James was a confident 12-year-old boy who loved hanging out with his friends, having sleepovers and enjoyed eating out. He led a very active lifestyle, training twice a week for Rugby and having a game every Saturday. But this all changed without any warning when James got extremely sick, overnight. He had trouble with breathing, could not walk on his own, had a strong pain in his stomach, was extremely pale with red cheeks and had a strong sweet smell. He had lost so much weight, because he could not eat or drink, that even I, his own mother, had trouble recognising him.
We were desperate and called 000. As soon as the paramedics arrived, they told us that it was not an emergency. Put him back in bed and check on him in a few hours. It was probably gastro. Just give him some Panadol and he’ll be fine. We were equally surprised and confused about this statement and we had the feeling that the paramedics ridiculed us. We knew that we had to take James to the hospital quickly, but why didn’t they want to take our son? I could not understand it, so I had no other choice but to drive my son to the hospital myself. James father had to stay home to take care of the other children.
The car ride was terrible, James collapsed twice, and I had to drag him into the hospital. The triage nurse recognised the critical condition and diagnosed James in 30 seconds! We transported him straight into emergency. I remember thanking her for believing that my son was very ill. His body was shutting down and he had trouble talking. At times he didn’t appear to recognise or acknowledge me. He was so critical, without assistance, he had no more than a few hours left to live! James was diagnosed with severe Diabetic ketoacidosis. Had I not taken him to the hospital immediately, James would not be with us today. James was diagnosed with type 1 Diabetes. We were overwhelmed with the news, no one else in the family had Diabetes and we didn’t know much about the condition. We also have another child with special needs so there was a lot to consider. But before we could think about that, James needed to get through his life threating Ketoacidosis in the ICU.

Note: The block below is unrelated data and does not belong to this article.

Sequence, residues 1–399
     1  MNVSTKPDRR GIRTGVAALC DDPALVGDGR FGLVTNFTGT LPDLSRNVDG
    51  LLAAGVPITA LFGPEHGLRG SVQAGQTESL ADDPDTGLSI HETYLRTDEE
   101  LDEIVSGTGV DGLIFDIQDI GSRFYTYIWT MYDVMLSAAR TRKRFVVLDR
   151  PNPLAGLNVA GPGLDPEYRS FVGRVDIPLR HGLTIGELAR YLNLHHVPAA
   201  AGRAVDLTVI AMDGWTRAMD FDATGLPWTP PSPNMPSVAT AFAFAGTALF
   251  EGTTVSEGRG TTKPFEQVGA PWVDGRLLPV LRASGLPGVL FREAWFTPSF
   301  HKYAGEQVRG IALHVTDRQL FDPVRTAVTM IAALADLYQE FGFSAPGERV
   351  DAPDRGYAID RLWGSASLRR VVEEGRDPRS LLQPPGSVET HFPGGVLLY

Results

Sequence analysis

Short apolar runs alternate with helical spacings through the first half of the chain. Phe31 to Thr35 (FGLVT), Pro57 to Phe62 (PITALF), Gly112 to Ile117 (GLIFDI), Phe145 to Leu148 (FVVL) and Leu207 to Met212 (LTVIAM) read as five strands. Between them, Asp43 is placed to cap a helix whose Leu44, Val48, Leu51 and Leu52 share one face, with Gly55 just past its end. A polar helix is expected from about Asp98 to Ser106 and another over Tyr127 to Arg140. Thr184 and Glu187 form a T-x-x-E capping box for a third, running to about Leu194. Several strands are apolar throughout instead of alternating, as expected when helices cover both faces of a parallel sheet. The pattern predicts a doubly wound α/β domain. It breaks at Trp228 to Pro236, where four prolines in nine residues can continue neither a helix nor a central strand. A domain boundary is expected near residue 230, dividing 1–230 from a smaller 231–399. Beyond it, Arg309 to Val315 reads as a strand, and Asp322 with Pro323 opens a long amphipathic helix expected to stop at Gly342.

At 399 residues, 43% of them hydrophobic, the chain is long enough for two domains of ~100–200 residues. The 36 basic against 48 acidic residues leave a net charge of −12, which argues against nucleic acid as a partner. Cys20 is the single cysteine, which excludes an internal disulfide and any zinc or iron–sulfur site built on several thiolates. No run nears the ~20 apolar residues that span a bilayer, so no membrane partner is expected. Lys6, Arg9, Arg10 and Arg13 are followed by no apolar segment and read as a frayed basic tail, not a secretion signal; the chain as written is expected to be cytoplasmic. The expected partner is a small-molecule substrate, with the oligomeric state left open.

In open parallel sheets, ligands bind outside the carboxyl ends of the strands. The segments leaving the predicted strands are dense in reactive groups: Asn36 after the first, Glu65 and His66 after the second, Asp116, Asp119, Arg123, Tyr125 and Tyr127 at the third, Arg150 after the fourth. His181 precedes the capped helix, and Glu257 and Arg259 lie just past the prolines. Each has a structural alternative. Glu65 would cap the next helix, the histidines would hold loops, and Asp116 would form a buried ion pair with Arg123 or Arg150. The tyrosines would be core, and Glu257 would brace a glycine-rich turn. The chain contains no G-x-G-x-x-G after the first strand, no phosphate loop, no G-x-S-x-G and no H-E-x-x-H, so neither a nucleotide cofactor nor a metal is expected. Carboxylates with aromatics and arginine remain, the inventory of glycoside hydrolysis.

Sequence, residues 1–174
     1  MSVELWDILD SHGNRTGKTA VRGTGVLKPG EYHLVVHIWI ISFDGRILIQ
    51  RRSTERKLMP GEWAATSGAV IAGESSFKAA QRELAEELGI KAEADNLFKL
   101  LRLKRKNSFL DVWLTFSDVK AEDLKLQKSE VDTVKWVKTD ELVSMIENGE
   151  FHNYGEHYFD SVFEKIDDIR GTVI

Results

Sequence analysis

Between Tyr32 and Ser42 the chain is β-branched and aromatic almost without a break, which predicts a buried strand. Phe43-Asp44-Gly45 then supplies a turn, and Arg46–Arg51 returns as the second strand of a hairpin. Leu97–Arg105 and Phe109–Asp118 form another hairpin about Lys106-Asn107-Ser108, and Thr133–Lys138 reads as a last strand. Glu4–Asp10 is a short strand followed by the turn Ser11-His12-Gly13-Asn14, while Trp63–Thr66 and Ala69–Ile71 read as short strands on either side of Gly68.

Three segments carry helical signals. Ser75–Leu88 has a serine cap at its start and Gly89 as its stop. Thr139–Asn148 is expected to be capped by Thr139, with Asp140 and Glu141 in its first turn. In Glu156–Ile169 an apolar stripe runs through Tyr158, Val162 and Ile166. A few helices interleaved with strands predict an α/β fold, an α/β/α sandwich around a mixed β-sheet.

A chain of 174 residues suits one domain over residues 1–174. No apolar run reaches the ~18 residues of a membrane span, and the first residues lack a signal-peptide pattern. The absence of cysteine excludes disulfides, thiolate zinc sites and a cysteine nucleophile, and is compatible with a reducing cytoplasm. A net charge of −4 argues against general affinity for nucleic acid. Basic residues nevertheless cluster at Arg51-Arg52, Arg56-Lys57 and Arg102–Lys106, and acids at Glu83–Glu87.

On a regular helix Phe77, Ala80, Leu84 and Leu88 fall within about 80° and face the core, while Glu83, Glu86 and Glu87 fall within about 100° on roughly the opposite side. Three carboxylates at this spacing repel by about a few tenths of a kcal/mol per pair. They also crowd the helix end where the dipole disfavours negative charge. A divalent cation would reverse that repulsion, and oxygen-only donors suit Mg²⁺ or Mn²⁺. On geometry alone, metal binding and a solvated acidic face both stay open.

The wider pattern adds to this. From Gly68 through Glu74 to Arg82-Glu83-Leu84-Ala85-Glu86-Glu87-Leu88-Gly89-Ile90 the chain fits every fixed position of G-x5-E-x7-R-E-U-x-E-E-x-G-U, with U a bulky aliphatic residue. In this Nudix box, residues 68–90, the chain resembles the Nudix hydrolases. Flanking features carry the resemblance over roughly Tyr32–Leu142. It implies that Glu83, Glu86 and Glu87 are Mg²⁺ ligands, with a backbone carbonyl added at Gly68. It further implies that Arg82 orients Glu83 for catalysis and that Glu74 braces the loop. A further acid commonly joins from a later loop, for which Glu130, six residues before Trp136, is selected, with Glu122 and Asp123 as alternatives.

We had a wonderful team at the hospital who helped James during his stay. A professor from ICU really helped us get through those initial and darkest days and he still monitors James now on a regular basis. I took weeks off from work to help James with his daily injections and finger prinking. My husband and I went to ‘diabetic day school’ to learn the basics to keep our son alive. We began carb counting, blood glucose monitoring, insulin injections and juggling the needs of James health and life, but even before we could come to terms with his diabetes, James got another diagnosis -coeliac disease. This means that he cannot eat any gluten – so counting carbs just got harder. We had to be really careful with his food to make sure it didn’t have gluten, or this would play up with his blood glucose levels and make him really sick for days. James was also struggling with the ‘notoriety’ of having to inject in public…he couldn’t handle the stares and comments from others.
Living with T1 Diabetes is really hard. We often have sleepless nights because James levels fluctuate so much, and we have to check throughout the night to ensure his levels don’t go too low. A few weeks ago, I slept through my 2 o’clock alarm. I woke in the morning to an emergency alarm on James’ pump. His glucose level was at 1! We rushed to the hospital just in time. Again, I nearly lost my son!
We need something that cannot fail, does not sleep through an alarm and can detect a reading and advise me – even wake me if I am asleep. This something is a dog’s nose! A service dog trained specifically to detect the smell of a hypo and to alert when this occurs. The dog’s nose is never off duty and will not fail to smell the hypo. The dog would let James return to some of the freedom of his pre-diagnosis days and allow him to behave like other boys. The dog will give him support, help him control his blood glucose levels, make him feel safer and let him be less anxious about the future. A dog would give us, peace of mind, by reducing the likelihood of a third occurrence of almost losing James!
Financial Institution: Bendigo Bank
Name of Account: Righteous Pups Australia Inc
Account No: 125 823 583